It happened that way with the Washington Post, whose board members have always been participants in projects like the Bilderberg Group, the Trilateral Commission, the Council on Foreign Relations, etc. When the dictatorial ambitions of Nixon and his anti-Semitism came to be considered damaging to the process of globalization, those same United States corporate and multinational circles made a decision to remove him from power.

According to the book by British author Adrian Havill,

“The Deep Truth,” the Washington Post “acted as the platform that permitted the publication of articles by Bob Woodward who was part of the system, owing to his membership in the Secret Service, as well as the Pentagon and the CIA as an agent." That is to say, Woodward was part of the system, just like his source, the assistant FBI director of that era, Mark Felt. They were used deliberately to guarantee the functioning of that system.

Gary Webb, on the other hand, was simply a liberal journalist who believed in the North American democratic system and in journalism’s role as guarantee of survival. He didn’t understand, or he didn’t want to, that the creation of the “freedom fighters” of the Reagan era in Afghanistan, Iran, Contra-Gate and the narco-trafficking network led by the CIA and operated by personalities like Luis Posada Carriles, were not the work of just one sector of power, but, rather, of the entire system that engaged in these actions deliberately to destroy the socialist system and assure the dominance of the United States as the only superpower on the planet.

The reports by Gary Webb, in contrast with those of Bob Woodward, became dangerous for the existence of the system. That’s why Webb lived denouncing that he was constantly followed, that he was threatened with death, but nobody paid any attention nor did anyone defend him, until, in the end, he came to his own death.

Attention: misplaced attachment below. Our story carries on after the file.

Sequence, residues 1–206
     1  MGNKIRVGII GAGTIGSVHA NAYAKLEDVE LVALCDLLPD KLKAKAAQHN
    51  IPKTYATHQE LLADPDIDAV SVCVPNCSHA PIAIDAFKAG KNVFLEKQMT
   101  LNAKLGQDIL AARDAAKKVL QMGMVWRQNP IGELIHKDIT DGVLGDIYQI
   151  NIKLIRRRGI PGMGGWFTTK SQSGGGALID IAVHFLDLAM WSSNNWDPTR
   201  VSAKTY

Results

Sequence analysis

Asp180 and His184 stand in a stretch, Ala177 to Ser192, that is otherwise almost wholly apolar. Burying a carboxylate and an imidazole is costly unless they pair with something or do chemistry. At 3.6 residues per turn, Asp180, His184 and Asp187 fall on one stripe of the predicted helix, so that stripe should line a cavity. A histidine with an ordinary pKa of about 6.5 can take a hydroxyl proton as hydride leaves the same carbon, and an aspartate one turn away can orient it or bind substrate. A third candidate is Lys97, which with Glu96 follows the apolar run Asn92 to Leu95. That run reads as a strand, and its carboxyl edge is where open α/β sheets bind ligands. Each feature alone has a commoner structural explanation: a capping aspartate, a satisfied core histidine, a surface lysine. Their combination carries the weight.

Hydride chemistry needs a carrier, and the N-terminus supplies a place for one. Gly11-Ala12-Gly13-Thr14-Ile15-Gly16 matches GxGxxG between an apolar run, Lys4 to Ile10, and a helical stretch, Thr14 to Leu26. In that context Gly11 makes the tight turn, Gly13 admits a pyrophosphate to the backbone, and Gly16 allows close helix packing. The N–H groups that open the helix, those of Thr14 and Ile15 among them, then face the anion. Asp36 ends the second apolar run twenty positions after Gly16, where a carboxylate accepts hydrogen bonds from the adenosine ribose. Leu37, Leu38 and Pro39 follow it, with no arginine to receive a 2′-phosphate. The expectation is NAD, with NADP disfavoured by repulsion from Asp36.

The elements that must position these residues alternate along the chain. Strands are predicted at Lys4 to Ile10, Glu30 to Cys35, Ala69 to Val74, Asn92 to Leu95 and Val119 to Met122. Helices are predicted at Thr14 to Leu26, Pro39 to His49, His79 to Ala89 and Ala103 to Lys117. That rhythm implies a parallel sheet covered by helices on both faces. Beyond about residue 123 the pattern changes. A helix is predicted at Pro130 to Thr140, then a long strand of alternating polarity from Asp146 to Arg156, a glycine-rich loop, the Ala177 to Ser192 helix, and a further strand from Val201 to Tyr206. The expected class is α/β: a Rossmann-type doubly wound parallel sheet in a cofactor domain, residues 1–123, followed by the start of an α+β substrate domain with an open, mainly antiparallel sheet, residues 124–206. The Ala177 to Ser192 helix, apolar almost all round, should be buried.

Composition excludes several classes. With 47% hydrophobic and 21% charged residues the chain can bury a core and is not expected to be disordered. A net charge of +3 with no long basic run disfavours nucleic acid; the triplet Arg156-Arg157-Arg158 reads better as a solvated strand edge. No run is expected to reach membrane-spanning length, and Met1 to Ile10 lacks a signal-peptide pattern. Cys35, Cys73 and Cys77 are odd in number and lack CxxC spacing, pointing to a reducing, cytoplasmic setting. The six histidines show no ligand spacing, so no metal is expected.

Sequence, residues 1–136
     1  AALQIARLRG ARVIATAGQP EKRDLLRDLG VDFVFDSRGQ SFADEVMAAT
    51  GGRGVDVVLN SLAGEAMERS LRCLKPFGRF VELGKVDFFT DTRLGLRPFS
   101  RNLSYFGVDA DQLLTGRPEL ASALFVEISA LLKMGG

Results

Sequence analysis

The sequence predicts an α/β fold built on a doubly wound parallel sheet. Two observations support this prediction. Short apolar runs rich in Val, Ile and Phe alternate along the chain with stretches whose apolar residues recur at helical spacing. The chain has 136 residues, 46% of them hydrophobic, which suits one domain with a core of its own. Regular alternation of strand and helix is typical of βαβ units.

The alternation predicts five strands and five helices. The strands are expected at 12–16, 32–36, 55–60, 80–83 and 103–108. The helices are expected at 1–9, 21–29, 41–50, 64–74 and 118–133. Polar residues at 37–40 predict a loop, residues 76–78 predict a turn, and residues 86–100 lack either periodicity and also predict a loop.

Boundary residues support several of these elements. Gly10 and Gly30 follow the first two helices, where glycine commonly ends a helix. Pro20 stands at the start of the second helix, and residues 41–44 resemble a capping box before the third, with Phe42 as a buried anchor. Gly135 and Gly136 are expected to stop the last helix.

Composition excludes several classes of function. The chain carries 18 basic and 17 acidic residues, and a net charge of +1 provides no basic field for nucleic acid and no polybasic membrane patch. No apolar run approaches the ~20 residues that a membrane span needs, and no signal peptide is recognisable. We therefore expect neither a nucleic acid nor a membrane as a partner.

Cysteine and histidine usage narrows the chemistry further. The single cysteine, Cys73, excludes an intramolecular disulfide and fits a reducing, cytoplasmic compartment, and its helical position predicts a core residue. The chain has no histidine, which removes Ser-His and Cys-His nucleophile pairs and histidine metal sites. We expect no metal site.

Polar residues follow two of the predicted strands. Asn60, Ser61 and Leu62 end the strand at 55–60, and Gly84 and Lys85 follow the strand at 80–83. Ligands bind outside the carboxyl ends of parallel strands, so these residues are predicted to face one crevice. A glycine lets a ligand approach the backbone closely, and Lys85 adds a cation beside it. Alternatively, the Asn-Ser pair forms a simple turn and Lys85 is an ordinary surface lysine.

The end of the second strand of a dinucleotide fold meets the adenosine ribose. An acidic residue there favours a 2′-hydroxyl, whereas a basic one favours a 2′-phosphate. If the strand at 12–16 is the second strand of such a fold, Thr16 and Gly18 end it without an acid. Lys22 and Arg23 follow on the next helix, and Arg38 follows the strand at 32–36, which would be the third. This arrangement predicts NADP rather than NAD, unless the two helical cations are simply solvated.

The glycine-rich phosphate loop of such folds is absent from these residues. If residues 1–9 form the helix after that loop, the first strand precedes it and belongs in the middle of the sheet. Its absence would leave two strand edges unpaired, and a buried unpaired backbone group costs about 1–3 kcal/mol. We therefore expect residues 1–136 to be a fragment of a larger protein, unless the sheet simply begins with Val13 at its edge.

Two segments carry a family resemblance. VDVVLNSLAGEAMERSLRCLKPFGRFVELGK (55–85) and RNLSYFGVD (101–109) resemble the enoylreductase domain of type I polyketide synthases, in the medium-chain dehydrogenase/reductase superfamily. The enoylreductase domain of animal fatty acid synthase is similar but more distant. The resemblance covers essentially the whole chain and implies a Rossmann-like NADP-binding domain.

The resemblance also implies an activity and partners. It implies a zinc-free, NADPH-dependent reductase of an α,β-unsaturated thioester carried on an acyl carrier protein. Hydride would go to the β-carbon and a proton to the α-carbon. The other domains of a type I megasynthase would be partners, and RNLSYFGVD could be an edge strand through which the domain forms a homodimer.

I'll personally add one observation: I think there's a danger to fatalistic thinking. An unintended message of that column can have the impact of frightening good people away from the practice of Authentic Journalism. Among a fearful public, the column's message could be interpreted as: "Be corrupt like Bob, and win wealth and privilege. Be honest like Gary and die unemployed and defeated."

We, who are still here and fighting, are living proof that such fatalist thinking is wrongheaded.

Later today, via Narco News, a package of reports by Luis Gómez and I about the Authentic Journalism renaissance's latest successes will demonstrate, to the contrary, that the Webb school of journalism is kicking the ass, more and more, of the Woodward school!

In fact, in the coming days, kind readers, you will see, on these pages, that Gary Webb himself has not yet been defeated.

Gary's voice is about to thunder from the great beyond...

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About Al Giordano

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Publisher, Narco News.

Reporting on the United States at The Field.